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Haven't seen much of this lately.
Haven't seen much of this lately.
Photo by Doogie Roux

How the Coronavirus Could Reshape the Debate on Traffic in Houston

For years the debate over traffic in Houston has centered primarily around two concepts. The first is that we needed far greater vehicle infrastructure (i.e. more freeways) to handle the surge in commuters and those new to the city. The second was a move toward more public transportation with an emphasis on rail services, particularly to the suburbs.

There have, of course, been plenty of other ideas bandied about from increasing walking and bike riding, especially in the city core, to an increase in density in areas closer to work. While those are both worthwhile ideas, it's a bit like saying there is a resurgence in interest in vinyl records when they went from 0.1 percent of the entire music sales market to 0.2 percent.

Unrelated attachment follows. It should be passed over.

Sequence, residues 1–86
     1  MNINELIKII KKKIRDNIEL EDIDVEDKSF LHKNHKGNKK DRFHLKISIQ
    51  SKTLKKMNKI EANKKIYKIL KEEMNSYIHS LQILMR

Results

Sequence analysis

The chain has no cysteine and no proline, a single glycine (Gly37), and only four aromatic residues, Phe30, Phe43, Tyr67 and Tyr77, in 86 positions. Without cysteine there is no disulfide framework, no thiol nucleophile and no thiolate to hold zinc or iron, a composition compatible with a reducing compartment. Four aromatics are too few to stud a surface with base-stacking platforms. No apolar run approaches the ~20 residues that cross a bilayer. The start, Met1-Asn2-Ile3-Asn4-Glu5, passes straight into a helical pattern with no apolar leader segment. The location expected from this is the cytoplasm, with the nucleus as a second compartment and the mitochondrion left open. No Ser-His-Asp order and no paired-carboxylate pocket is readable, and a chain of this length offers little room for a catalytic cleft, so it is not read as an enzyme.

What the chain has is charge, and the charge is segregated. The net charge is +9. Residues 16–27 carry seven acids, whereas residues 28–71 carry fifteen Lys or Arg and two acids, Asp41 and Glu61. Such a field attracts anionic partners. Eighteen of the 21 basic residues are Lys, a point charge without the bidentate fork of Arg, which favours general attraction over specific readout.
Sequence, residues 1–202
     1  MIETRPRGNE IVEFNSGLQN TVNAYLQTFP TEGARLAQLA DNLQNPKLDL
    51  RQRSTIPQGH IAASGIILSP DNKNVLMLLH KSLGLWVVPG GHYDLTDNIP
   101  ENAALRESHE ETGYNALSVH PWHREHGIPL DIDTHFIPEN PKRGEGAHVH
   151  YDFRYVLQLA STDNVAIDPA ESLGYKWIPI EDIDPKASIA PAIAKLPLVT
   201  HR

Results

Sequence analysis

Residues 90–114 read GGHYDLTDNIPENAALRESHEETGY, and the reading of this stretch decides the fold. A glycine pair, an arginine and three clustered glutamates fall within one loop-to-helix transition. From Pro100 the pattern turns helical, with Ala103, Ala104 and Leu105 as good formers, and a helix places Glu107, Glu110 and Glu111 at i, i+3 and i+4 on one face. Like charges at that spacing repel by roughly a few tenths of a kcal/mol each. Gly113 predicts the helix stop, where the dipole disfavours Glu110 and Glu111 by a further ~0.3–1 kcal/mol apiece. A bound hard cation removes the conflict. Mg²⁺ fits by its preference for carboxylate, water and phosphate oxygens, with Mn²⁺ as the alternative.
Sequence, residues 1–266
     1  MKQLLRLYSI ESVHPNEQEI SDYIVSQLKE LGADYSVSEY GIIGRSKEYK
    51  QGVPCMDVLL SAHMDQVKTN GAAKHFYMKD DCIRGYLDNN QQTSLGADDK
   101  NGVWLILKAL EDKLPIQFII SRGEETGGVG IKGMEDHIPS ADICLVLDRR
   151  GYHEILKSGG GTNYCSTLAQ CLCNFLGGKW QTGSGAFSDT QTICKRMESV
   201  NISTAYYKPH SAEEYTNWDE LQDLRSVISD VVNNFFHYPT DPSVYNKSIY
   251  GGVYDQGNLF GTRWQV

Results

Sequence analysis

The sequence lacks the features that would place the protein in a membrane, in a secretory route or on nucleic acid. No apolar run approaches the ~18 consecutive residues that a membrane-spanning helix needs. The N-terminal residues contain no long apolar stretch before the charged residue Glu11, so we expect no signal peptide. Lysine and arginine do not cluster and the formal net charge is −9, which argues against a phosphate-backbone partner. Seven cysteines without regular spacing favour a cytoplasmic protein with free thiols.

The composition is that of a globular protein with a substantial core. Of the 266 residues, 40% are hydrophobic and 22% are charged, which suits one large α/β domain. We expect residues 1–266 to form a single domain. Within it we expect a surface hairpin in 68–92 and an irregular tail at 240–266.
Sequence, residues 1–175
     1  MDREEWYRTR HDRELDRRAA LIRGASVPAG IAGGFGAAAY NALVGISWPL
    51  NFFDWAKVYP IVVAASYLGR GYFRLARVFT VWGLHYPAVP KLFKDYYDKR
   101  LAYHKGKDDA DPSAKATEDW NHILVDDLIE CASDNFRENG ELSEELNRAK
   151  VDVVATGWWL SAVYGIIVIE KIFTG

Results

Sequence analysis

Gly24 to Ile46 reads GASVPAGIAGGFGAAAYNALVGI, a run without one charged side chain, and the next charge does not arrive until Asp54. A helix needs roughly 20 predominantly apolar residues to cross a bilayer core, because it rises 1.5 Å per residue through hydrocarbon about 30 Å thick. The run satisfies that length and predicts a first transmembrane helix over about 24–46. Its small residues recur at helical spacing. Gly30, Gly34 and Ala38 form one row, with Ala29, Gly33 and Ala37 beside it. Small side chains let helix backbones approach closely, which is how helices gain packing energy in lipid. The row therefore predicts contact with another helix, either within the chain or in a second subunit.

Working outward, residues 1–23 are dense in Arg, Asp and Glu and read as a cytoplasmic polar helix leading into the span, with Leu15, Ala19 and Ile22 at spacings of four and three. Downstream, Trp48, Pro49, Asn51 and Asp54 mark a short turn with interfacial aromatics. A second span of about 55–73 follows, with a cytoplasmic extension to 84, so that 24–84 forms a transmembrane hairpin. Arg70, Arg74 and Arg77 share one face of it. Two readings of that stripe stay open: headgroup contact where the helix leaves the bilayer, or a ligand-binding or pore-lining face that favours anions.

Ultimately, the battle between more concrete and more rail is at the heart of the matter.

But, if there is anything we have learned from the quarantining and working from home during the coronavirus outbreak, it's that traffic is greatly diminished when fewer people are on the road. But, until recently, did anyone actually think convincing business it was a good idea for their employees to work remotely?

Now, we are being forced into it. Sure, there are plenty of folks who have no choice but to work in an actual work setting, but Houston has a tremendous amount of white collar work environments for which there are legitimate ways to "telecommute," as they called it in the old days.

Commercial real estate developers won't be thrilled with the premise, but imagine major employers giving their employees even just a single day each week to work from home. Or, better yet, give those with the ability to work from home the option of doing it most if not all of the time.

That would have to be thousands of people off the roads just like that without another ounce of concrete poured or a single foot of rail track laid. No doubt the city and county could find ways to incentivize businesses to do this. God knows it could save millions each year in everything from pollution to wear and tear on area highways.

This is not a panacea, however. We need better (much better) public transportation and we do begrudgingly need more roads. But maybe this quarantine will help businesses to recognize the work-at-home option is not only viable, it can be productive.

And the city would owe them a debt of thanks in the process.

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